It's so easy to become disheartened in this business.
Even if you're amazingly talented and prolific and have won national awards, and even if you've got an agent pitching new projects, you can still feel like an impostor on some days because you haven't published anything lately.
If you or your agent haven't sold your manuscripts after a year or more, you can start to feel as if you've entered publishing limbo. Then it's only a matter of time before you start doubting yourself and wondering if you can make a living from writing. And before long you start asking yourself if you should keep writing.
These are feelings and questions that every writer (with or without an agent) has to grapple with at times. The feelings aren’t easy to face because facing them means facing the prospect of failure and disappointment, and, even worse, acknowledging there’s the possibility that you may not be able to spend your life doing what you love to do.
But what if you understand the writing process as an activity that's separate from the publishing process? (I'm not suggesting that you stop expecting to publish or earn a living from your work. But I am suggesting that you may have to put aside those expectations in order to keep your writing process alive.)
What if, ironically, the way to avoid becoming disheartened in this business is to look into your heart?
That's because when you view the writing process as a distinctly different enterprise from the publishing process, you become aware that at the heart of the writing process (and a writer's life) is one simple fact: you must possess an insatiable need to write. Not for publication (though publication is always exciting). Not for readers (though readers, too, are helpful). Not for any reason other than needing to put words on the page, to tell yourself the stories that you need to hear.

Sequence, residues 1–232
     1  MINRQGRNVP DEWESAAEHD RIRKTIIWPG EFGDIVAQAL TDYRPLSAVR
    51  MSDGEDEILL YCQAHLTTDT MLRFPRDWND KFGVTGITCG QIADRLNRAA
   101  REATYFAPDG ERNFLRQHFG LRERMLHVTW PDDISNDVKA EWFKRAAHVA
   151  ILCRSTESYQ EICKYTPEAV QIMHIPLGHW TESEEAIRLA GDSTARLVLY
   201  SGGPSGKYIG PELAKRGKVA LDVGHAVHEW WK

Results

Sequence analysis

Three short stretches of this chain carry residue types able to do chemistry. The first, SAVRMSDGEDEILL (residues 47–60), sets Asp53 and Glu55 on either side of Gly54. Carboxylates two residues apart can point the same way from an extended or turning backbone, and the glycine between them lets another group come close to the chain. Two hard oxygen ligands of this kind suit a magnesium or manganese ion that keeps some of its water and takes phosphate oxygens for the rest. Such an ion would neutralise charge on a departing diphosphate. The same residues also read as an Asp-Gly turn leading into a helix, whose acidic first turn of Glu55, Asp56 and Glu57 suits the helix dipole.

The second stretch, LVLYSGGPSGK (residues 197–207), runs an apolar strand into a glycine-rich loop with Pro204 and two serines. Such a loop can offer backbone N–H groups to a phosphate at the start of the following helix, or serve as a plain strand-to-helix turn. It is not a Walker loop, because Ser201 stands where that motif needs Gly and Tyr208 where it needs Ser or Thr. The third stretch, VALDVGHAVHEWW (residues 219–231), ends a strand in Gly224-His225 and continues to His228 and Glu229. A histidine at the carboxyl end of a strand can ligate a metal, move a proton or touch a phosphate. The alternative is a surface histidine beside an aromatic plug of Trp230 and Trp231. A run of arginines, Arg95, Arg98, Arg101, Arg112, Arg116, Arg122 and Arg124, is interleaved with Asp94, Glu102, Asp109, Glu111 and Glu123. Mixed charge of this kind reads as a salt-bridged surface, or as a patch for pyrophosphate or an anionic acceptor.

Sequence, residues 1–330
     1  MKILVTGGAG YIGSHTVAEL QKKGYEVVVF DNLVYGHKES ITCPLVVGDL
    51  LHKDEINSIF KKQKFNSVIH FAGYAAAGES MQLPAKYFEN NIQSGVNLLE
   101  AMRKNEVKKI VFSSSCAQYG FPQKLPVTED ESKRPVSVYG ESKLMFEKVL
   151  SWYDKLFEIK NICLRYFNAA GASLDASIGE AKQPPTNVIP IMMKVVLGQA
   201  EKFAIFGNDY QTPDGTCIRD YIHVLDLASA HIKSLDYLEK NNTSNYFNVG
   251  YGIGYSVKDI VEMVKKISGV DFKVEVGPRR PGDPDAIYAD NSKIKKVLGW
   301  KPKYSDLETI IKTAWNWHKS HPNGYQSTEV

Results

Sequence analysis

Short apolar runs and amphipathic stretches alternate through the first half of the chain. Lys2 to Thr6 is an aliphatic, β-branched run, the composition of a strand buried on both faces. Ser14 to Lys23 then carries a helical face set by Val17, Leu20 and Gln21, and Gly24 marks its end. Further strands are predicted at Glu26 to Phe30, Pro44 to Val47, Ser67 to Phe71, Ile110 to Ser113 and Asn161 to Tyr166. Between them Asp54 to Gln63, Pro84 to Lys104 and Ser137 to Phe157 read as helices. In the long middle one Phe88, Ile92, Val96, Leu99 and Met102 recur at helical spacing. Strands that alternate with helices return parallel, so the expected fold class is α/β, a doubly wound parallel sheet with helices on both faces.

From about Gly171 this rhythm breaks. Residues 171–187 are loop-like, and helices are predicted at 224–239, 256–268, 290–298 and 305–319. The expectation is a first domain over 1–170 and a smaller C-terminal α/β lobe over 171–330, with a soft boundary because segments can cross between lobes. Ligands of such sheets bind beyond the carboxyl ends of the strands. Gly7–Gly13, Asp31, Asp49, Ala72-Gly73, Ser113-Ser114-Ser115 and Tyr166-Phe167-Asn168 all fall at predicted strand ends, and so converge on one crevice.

A writer who needs to write will always find a way to keep writing, despite economic or emotional setbacks, because the need comes from some deep part of the writer’s soul which makes it impossible not to write.
For a writer, writing is as essential to life as breathing, and life's meaning (and pleasure) are derived from the daily act of exploring the world through words and language, and from discovering something about the world and one’s self as a result of a daily writing practice.
Deep and true writing isn’t about pursuing trends or markets. It's not about trying to figure out what sells or what’s “hot” or what agents or editors want. It’s about ignoring these things.
To write deep and true, you must go into your heart to discover what you need to write. That’s the key to writing through the storms of uncertainty and doubt, and to overcoming the vicissitudes of this business.
You must learn how to unlock your heart.
For more on writing from your heart, visit: